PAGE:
Remodel – Tax Deductions

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Using tax deductions from the cost of your remodel requires good planning and record keeping.

During our planning stage, I found a list of accessibility changes which are tax deductible.  The full publication can be found at:

http://www.irs.gov/pub/irs-pdf/p502.pdf

The list included the following:

– Entrance or exit ramps

– Handrails or grab bars

– Railings, support bars or other modifications to bathrooms

– Lowered or modified kitchen cabinets and equipment

– Moved or modified electrical outlets and fixtures

– Porch lifts and other lifts

– Widened doorways at entrances or exits

– Widened or modified hallways and interior doorways

– Modified stairways

– Modified hardware on doors

– Modified areas in front of entrance and exit doorways

– Ground grading to provide access to the residence

When our remodel was close to being finished, I used that list to create a personal list of changes made to the house and asked our contractor to fill in the amounts for those changes.  It looked like this:

Image (4)

Page 7 in the publication shows a chart to figure out how much the changes increased the value of your home.  Deductions can be made only on the amount  that did not increase the value of your home  (pages 18-20 in link above).  We had taken “before” movies and pictures.  When the project was completed, I asked our realtor to do a market analysis.  I showed her the “before” movies and pictures and then took her on a tour of the “after”.  She wrote us a letter indicating the values of both our before and after.  From that, we calculated the increase in value and deducted it from the cost of the remodel, leaving us with the amount we could use for tax deductions.  Taxes were filed and sent in with no problem; but had we been audited, we would have had plenty of paperwork to back up our numbers.  The deduction was well worth the trouble.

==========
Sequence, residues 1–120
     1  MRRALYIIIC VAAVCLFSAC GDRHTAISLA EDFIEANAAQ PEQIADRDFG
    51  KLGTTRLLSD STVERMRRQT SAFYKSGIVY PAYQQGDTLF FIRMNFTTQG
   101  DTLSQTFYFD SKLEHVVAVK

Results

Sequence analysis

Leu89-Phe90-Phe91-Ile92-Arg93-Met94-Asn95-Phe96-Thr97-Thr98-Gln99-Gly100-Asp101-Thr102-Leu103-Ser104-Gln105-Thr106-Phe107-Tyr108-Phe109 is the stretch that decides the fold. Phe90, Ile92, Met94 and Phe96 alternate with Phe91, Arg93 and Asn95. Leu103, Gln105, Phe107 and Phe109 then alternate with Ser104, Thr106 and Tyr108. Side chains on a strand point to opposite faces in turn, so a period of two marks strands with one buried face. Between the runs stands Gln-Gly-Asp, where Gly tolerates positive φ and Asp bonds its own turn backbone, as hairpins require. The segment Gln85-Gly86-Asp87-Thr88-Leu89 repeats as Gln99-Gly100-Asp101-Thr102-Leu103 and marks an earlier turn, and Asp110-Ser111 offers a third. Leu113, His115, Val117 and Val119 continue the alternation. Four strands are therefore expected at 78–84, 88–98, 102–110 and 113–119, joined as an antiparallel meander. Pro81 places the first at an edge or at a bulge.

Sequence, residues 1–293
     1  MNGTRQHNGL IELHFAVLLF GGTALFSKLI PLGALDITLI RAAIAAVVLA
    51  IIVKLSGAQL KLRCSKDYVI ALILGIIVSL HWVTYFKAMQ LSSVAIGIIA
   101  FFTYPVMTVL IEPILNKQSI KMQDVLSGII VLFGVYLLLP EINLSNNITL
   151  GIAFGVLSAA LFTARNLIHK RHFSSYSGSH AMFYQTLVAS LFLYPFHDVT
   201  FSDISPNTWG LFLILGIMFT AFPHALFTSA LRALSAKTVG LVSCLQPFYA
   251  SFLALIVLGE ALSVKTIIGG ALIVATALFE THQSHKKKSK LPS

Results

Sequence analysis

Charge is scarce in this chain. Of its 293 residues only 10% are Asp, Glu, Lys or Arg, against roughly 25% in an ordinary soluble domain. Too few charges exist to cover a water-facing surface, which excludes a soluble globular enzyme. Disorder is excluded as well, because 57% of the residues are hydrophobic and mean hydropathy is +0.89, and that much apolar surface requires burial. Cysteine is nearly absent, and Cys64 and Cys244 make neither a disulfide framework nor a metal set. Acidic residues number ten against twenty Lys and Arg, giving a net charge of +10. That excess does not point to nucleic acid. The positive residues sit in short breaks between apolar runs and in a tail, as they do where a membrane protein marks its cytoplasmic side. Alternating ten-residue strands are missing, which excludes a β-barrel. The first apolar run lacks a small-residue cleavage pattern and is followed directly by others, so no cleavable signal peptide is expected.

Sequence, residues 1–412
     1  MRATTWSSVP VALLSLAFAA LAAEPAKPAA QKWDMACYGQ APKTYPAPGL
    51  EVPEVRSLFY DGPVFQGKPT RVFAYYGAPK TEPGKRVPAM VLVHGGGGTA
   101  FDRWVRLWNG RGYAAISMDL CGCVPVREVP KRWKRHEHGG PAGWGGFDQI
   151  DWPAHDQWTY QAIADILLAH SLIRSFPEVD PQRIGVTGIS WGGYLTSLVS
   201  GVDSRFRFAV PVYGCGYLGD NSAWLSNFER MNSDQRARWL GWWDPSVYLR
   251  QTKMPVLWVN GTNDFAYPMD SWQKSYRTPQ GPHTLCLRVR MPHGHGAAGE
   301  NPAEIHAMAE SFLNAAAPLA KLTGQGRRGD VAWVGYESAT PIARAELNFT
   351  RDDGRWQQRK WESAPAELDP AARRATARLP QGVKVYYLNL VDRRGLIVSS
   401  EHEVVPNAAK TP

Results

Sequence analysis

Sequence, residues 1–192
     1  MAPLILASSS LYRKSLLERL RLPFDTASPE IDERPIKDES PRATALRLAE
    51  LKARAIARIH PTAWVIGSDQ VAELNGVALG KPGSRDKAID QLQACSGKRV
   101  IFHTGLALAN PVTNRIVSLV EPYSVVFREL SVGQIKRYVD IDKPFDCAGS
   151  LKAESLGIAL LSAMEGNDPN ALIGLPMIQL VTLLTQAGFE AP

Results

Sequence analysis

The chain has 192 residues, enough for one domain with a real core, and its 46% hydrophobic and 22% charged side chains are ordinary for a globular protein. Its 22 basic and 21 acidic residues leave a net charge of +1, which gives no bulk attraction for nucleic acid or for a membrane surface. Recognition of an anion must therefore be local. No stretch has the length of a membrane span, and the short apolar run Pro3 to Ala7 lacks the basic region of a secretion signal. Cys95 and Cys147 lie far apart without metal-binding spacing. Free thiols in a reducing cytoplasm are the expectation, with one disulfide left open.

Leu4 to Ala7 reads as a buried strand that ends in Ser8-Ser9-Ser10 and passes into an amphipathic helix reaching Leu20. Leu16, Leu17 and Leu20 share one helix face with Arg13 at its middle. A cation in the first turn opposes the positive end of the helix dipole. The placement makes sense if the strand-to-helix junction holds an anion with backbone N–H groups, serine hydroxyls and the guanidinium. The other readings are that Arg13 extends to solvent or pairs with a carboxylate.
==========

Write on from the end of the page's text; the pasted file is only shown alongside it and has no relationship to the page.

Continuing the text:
I also kept track of everything purchased that was energy efficient and had our contractor fill in the blanks for the cost of those items.   I gave instructions to the contractor to be sure to leave stickers on items or to give them to me when removed.  That list looked like this:

Image (3)

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Always keep track of purchases for mobility equipment, adaptations to dwellings and medical care and check IRS publications to guide you when preparing your tax  returns (or take your labeled receipts in if someone else is doing the preparation).

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About Climbing Downhill

Wife and mother of grown kids, in my 50's and dealing with MS, making life's moments count and trying to offer something of value to others along the way. https://climbingdownhill.wordpress.com
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7 Responses to Remodel – Tax Deductions

  1. Thank you for this great information. We’re looking into remodeling our bathroom and it never occurred to me that we could deduct some of the work from our taxes. You have all kinds of good information on your blog.

  2. I have secondary progressive MS, which means I used to experience attacks and then recover but now I am in a slow steady physical decline. We had the remodel done in 2010 with my future needs in mind – I wasn’t in a wheelchair then, but I am now. I am still able to use my scooter for limited amounts of time when out of the house, but I use my electric wheelchair at home most of the time. I can stand, but not walk. I am still able to transfer, dress and feed myself, but with increasing difficulty. My left hand doesn’t obey, and my right hand is following it so I use dictation software. Grateful every day for what I can still do.

    • I’m so sorry about your decline with this horrible disease. You have a good attitude and I know that you want to help others going through difficulties. Is your breathing compromised or your ability to swallow food…?

      • Minor breathing problem, no swallowing issue yet. From following your blog, I realize you may deal with more than I, but our journeys are similar as we battle not only our diseases but other aspects of the evil that caused them. Our hope is in something, someONE bigger, which you remind others of so well through your blog.

      • I’m glad that you can eat and speak and don’t need a breathing machine… Do you have a caregiver come in to help you? My wife is my primary caregiver, but for the last 8 years we’ve had a woman come in to give me a shower and do range of motion exercises…, which allows my wife to get out of the house.
        God is good, Kerri. I know that is true, and sometimes it’s the only thing I’m sure of. Focus on that in the difficult times.

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